FIG. 7 illustrates another embodiment of a video overlay screen. In this example, a video overlay screen 225 includes a base portion 230 which is mounted most near the video display screen 120 upon which the game is displayed. An upper portion 232 is separated from the base portion 230 by spacers 238. Running between the upper and lower portions 230, 232 is a flexible substrate 240 upon which an overlay screen 245 is printed. In the illustrated embodiment the substrate 240 is wound around a pair of rolls 242, 244. In operation, the rolls 242, 244 are controlled by, for instance, a positioning motor (not illustrated) to direct a particular screen 245 on the substrate 240 to a position between the upper and lower portions 230, 232 of the overlay screen 225. The upper and lower portions 230, 232, may be clear or translucent. The player views the display screen 120 through the combination of the upper and lower portions 230, 232, as well as the overlay screen 245. In this manner multiple overlay screens 245 may be included within a single game cabinet, eliminating a need to physically change an overlay screen each time a game within a game cabinet changes.
 Although described above as being made from glass or plastic, the overlay screen according to embodiments of the invention may additionally include touchscreen functions. With reference to FIG. 8A, a see-through touchscreen 275 overlays a video display 120 that is driven by the gaming device 100 of FIG. 3. In this example, however, a player can control functions of the game on the gaming device 100 by interacting with the touchscreen 275. For instance, assume that a player benefit awarded during a game or bonus is a nudge feature, such as that described in co-pending application Ser. No. 12/166,156, filed Jul. 1, 2008, entitled Gaming Device Configuration Based on Player Value, the teachings of which are incorporated by reference herein. The overlay touchscreen 275 can help implement such a feature. For instance, assume that a player is awarded a nudge as a bonus feature. A text area 277 is illuminated by selectively lighting a portion of the video display 120 that underlies the text area to inform the player that such a bonus is available, as illustrated by the lightbox 278. The player then touches the overlay touchscreen 275 in the area of the reel the player desires to nudge. In this example the player has touched the reel second from the right, which changes form or shape to inform the player that it has been selected. In the Example in FIG. 8A the selected reel is highlighted with a thicker border. The touchscreen 275 senses which area of the touchscreen was touched by the player and communicates the information to the game. The game reacts by giving the player "control" of the particular selected reel, such as by enabling a nudge controller 285. The game informs the player that the nudge controller is enabled by illuminating the lightbox 288 by driving the video display 120 brightly in an area below the nudge controller. When the player presses either a nudge up button 290 or a nudge down button 295, the game reacts to move the selected reel to the desired position. In this example the player wishes to nudge the selected reel down, by pressing the down button 295, so that the "Bar" symbols 123 are aligned across the payline, as illustrated in FIG. 8B. The player ultimately places the reel in the desired position, as illustrated in FIG. 8B, and the game continues. Note that the text area 277 and nudge controller 285 are no longer illuminated in FIG. 8B because the player "used" the benefit.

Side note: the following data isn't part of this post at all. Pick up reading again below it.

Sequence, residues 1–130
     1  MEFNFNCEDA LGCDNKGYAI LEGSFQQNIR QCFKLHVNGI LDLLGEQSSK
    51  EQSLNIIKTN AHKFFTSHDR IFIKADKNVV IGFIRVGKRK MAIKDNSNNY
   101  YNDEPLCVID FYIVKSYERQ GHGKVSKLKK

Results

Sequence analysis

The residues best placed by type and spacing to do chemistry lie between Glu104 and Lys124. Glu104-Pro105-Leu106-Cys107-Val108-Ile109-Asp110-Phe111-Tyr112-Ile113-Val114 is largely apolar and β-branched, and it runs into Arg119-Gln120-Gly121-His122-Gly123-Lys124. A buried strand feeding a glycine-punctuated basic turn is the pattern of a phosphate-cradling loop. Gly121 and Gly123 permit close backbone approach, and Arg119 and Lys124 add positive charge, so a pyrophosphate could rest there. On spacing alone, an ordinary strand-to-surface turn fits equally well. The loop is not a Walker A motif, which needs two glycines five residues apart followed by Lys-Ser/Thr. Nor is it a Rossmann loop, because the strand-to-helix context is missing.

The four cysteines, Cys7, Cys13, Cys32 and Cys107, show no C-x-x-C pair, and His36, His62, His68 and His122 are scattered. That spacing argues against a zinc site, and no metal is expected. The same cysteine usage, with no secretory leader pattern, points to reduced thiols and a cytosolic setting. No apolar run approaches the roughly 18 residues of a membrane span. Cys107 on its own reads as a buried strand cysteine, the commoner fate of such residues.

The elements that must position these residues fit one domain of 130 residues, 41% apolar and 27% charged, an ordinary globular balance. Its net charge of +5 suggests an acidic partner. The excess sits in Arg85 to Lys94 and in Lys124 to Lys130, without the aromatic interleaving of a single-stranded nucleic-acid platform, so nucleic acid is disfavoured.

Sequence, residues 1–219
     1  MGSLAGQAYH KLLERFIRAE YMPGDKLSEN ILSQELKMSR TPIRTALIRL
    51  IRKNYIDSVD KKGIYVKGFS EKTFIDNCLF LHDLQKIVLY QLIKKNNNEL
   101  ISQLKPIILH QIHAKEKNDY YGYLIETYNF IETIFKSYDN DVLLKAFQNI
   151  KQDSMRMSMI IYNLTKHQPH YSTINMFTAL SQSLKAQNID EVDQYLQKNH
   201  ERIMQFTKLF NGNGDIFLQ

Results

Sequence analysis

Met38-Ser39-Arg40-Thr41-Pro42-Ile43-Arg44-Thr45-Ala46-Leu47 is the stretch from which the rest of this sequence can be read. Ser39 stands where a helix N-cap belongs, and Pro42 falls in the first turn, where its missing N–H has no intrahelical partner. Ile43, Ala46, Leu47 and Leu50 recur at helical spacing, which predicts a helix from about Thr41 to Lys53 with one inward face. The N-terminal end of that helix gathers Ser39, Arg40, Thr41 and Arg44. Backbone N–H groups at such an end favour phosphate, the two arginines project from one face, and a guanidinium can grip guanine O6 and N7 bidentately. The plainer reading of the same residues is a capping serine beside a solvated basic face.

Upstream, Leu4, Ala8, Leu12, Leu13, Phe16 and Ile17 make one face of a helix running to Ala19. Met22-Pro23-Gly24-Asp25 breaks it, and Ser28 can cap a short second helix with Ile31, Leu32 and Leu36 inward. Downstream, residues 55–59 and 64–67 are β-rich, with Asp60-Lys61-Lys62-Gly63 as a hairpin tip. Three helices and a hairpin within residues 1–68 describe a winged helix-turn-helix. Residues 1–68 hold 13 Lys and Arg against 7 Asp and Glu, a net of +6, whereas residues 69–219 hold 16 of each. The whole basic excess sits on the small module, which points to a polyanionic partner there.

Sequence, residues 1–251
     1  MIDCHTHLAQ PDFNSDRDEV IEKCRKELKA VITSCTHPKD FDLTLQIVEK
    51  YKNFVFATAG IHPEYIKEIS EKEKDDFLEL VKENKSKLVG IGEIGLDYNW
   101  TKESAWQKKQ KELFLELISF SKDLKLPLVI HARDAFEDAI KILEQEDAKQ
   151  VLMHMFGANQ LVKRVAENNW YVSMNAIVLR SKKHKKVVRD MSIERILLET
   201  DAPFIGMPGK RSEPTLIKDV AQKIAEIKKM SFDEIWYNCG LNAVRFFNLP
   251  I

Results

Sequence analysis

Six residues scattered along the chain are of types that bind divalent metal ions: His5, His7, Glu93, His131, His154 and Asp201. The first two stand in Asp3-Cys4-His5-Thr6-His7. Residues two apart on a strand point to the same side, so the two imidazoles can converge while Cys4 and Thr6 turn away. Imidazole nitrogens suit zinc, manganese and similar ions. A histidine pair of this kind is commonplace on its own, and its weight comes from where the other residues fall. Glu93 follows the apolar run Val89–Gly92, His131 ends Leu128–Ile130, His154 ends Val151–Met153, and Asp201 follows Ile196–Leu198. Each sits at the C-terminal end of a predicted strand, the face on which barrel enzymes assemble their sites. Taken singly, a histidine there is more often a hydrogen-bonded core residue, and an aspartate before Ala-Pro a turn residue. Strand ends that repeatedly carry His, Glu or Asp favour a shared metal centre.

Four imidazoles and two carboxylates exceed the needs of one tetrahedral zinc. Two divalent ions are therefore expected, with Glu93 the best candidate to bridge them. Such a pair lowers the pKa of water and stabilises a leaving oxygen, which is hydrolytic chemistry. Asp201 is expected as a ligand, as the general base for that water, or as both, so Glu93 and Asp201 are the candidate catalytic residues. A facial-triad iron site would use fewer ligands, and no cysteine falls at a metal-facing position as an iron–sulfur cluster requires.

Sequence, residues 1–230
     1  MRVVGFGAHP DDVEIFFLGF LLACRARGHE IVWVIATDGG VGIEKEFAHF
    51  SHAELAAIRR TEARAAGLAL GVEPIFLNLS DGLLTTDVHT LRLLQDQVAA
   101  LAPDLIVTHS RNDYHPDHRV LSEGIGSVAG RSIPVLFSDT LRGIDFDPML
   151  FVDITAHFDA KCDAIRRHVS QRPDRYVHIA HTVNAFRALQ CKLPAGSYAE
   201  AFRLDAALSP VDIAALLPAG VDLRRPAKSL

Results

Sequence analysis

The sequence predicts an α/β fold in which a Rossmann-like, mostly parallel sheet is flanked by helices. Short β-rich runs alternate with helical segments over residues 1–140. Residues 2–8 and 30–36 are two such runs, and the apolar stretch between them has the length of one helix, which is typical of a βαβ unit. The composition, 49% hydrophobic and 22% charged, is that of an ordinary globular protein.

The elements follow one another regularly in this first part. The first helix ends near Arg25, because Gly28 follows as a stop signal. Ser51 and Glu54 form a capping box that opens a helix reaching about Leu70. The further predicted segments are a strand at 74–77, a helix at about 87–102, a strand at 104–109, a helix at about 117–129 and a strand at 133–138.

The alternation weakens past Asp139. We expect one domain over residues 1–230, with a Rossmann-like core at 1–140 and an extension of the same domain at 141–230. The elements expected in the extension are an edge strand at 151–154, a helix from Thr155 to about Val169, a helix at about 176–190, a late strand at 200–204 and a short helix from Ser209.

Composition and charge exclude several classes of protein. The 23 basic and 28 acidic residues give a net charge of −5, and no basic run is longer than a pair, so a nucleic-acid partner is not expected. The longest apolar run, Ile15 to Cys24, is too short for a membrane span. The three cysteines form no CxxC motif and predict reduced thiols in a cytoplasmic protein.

In another embodiment, instead of the touchscreen 275 including location-delimited buttons to accept user input, such as the nudge up and nudge down buttons 290, 295 illustrated in FIG. 8B, the entire touchscreen accepts input in the form of user actions to perform a desired function. In other words, a gesture or action made by the user and sensed by the touchscreen 275 controls the underlying game. For example, a player could touch, or point to, the reel area and move or slide his finger upward to indicate a nudge up. Similarly, sliding a finger down along the touchscreen 275 over a reel causes the reel to move in a downward direction. Moving the finger multiple times or quickly indicates a larger reel movement in the direction of the finger slide. The touchscreen 275 translates such gestures into data or otherwise communicates the information to the underlying game, as described above, to cause the game to react based on the user action.
 Multiple types of touchscreens 275 or other motion-recognizing technology can also sense user gestures and actions. For example the touchscreen 275 may be one of the well-known capacitive or resistive types. In some embodiments a particular stylus or other touching device may be used in conjunction with the touchscreen 275, rather than a user's finger. In yet other embodiments the touchscreen 275 function may be implemented with a video camera, heat-sensing apparatus, or other such device that accepts or tracks user movement.
 Some embodiments of the invention have been described above, and in addition, some specific details are shown for purposes of illustrating the inventive principles. However, numerous other arrangements may be devised in accordance with the inventive principles of this patent disclosure. Further, well known processes have not been described in detail in order not to obscure the invention. Thus, while the invention is described in conjunction with the specific embodiments illustrated in the drawings, it is not limited to these embodiments or drawings. Rather, the invention is intended to cover alternatives, modifications, and equivalents that come within the scope and spirit of the inventive principles set out in the appended claims.
Patent applications by John F. Acres, Las Vegas, NV US
Patent applications by ACRES-FIORE PATENTS
Patent applications in class Lot-to-lot combination (e.g., slot machine, etc.)
Patent applications in all subclasses Lot-to-lot combination (e.g., slot machine, etc.)